When a spontaneous CSF leak is suspected, head MRI with contrast is ordinarily the first study to obtain. Common abnormalities seen include diffuse dural enhancement, subdural fluid collections, engorged cerebral venous sinuses, and cerebral descent. Important to know is the fact that despite typical clinical features, head MRI may occasionally be unremarkable. In such situations, ancillary studies may help answer whether a CSF leak is present. Radioisotope cisternography and spine MRI are helpful tools in such occurrences. Presently, CT-myelography remains the most reliable test to find the exact spinal CSF leak site. Often, however, the exact CSF leak site is not found.

Read the full article here: http://www.headachejournal.org/view/0/CSFLeaks.html

Health: How spinal condition lead to crippling headaches

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Struggling off the bus in agony, Deborah Ogg barely knew what was happening.

She had never suffered from headaches, but suddenly she was in such excruciating pain that she had to lie down in the street, utterly overwhelmed.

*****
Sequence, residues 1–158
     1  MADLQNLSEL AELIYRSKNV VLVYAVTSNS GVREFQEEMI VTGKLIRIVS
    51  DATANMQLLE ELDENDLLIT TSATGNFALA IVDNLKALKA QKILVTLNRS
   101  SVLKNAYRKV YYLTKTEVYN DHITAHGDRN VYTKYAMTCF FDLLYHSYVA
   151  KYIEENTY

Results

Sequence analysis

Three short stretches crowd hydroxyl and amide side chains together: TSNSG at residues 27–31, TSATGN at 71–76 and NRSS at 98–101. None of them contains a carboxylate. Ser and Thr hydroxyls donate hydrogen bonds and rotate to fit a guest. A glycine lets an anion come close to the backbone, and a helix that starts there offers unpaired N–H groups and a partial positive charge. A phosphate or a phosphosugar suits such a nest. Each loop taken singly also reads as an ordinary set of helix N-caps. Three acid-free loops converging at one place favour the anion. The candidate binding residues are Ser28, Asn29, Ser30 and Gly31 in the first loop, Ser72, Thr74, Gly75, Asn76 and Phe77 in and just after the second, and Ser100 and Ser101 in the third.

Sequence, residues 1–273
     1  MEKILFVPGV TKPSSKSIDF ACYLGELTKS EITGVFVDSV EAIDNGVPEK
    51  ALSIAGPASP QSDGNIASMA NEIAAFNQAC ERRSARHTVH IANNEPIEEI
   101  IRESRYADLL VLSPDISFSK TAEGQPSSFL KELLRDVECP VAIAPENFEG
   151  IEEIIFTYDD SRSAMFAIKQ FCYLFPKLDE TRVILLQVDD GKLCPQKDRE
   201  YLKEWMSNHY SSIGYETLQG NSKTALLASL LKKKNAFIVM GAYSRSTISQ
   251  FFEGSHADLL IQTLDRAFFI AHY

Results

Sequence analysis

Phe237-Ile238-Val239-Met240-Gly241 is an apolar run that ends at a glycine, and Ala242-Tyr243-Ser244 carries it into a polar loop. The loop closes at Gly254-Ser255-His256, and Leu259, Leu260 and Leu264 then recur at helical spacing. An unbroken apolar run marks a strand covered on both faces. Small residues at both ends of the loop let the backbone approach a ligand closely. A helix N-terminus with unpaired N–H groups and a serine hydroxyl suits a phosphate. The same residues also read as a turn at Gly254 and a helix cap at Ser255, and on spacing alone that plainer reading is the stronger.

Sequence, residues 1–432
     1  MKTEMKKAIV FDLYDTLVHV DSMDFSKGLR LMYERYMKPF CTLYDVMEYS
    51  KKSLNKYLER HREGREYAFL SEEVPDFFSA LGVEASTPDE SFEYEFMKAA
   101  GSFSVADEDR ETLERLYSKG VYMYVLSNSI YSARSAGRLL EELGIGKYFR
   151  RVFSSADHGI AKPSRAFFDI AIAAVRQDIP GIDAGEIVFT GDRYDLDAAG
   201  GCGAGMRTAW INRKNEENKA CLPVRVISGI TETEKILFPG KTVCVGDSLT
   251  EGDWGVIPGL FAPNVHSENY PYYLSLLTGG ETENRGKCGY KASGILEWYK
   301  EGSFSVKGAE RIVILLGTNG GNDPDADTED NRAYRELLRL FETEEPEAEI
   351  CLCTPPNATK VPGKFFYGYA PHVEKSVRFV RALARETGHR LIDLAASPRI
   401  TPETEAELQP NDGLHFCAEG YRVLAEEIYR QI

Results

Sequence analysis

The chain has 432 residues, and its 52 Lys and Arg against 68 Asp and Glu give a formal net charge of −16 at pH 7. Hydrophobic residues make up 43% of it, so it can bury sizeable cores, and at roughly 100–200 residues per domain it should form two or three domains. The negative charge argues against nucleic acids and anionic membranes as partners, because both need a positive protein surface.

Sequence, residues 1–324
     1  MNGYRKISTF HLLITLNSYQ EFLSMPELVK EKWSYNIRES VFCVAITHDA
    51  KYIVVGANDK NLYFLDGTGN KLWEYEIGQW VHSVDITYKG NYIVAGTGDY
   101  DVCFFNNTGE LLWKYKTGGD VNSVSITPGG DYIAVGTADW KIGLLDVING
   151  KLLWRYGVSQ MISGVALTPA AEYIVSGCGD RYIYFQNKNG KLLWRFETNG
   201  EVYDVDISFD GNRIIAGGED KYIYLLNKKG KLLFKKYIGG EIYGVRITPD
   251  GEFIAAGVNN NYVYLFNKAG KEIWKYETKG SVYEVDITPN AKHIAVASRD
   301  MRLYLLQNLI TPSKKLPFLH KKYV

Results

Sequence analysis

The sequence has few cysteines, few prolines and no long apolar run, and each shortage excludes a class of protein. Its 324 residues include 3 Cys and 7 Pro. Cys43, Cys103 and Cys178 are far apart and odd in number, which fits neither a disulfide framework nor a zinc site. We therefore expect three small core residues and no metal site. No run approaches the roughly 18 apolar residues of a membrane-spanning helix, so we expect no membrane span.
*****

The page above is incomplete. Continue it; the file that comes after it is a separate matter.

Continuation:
Her worried partner Peter looked on, helpless, and even the taxi driver he summoned offered to take them straight to hospital. But Deborah, 40, hating to make a fuss, insisted on going home to bed.

“I felt like somebody had hit me over the head with an iron bar,” she recalls, “It was massive pain.”

The pharmacist recommended migraine pills, but they didn’t help. “I tried getting up to go to the toilet but as soon as I got up the pain was even worse and I was on my knees, I just crumpled,” she says.

It was April 1 last year, and the start of a long and painful journey with what she eventually discovered was a rare condition called cerebrospinal fluid (CSF) leak.

Affecting around one person in 50,000, it occurs when the fluid, which cushions the brain and spine, leaks out through a hole in its protective sac. This results in a drop in pressure, so that the brain can no longer float in fluid.

The brain cannot feel pain, but the resulting “brain sag” pulls on tendons and muscles across the head, causing extreme pain, which is slightly relieved when sufferers lie down.

It is most common after epidurals or spinal operations, but in some cases, such as Deborah’s, occurs spontaneously, which makes treatment harder, because the location of the leak is not known.

Read the full article here: http://www.edinburghnews.scotsman.com/news/health/health-how-spinal-condition-lead-to-crippling-headaches-1-2150059